At the 2012 European Library Automation Group conference in Palma, Mallorca (ELAG 2012), Rick Luce (Dean of the University of Oklahoma Libraries) showed a road ahead for re-scoping the library after evaluating 5 paradigm shifts that we see happening today.
5 paradigm shifts present new challenges
Globalization and the IT revolution have accelerated progress in a number of ways and libraries must keep pace. Social and economic drivers call for reform and accountability. Overall, library administrations start to realize there is no returning to the trajectory of ever-increasing costs merely for growing collections. New technology-enabled social tools are disrupting the old model of scholarly communication. The current rise of cloud services highlights the further abstraction and commoditization of both technology and services. As a last paradigm shift, Luce was spot-on to translate the rise of eResearch, eScience, digital humanities and big data:
Instead of spending 6 months doing an experiment you can understand in an afternoon once you're finished, now you do an experiment in an afternoon and it takes you 6 months to understand all of the data. A shift indeed, from hypothesis-driven research to data-driven research.
Recasting the Model for Research Libraries
When Luce talked about recasting the model for research libraries he essentially called out libraries to become embedded into the research flow. We can not be successful if we're going to stand outside of these processes and wait for patrons to enter the library walls. It is not enough to slowly move into the space of bringing books/eBooks, pre-prints and eJournals into the piles of content we try to manage. Libraries are missing a feeder into the research process from the research communities they are serving.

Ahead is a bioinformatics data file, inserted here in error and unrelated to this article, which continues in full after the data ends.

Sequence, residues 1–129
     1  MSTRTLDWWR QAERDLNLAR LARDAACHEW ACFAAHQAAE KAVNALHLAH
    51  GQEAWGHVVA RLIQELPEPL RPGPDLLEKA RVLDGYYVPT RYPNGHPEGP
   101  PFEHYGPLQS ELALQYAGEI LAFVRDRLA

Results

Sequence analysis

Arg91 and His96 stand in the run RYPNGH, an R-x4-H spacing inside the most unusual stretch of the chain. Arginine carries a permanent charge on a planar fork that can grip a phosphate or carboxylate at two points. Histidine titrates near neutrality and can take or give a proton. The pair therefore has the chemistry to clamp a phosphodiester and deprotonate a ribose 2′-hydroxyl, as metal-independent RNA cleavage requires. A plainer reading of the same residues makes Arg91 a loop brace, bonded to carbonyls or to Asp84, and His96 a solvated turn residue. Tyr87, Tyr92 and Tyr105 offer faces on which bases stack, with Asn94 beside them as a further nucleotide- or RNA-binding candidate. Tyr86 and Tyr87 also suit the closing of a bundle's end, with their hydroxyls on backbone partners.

To illustrate a tangible need to justify such a shift, he gave the example of a postdoc arriving in a new lab. The postdoc should be able to tap into the lab's resources and make the necessary connections early on. All too often, postdocs only get up to speed after 10 or 11 months, when some of them are already preparing to leave.
In research itself, many processes are connected to the timeline of grants. Projects start from scratch in the beginning and throw almost all tools away at the end of the grant, when the search for the next grant starts.
The exact area in which libraries can evolve their services is illustrated by the following diagram.
A workflow layer of services needs to be established to deal with the disconnect between our current repository systems and the processes that go on in the actual scientific domains. To conclude, Luce looked ahead and said that we must do much more than aggregate and provide access to digital scientific information.
"Our job is to wire people's brains together so that sharing, reasoning and collaboration become part of everyday work." - Rick Luce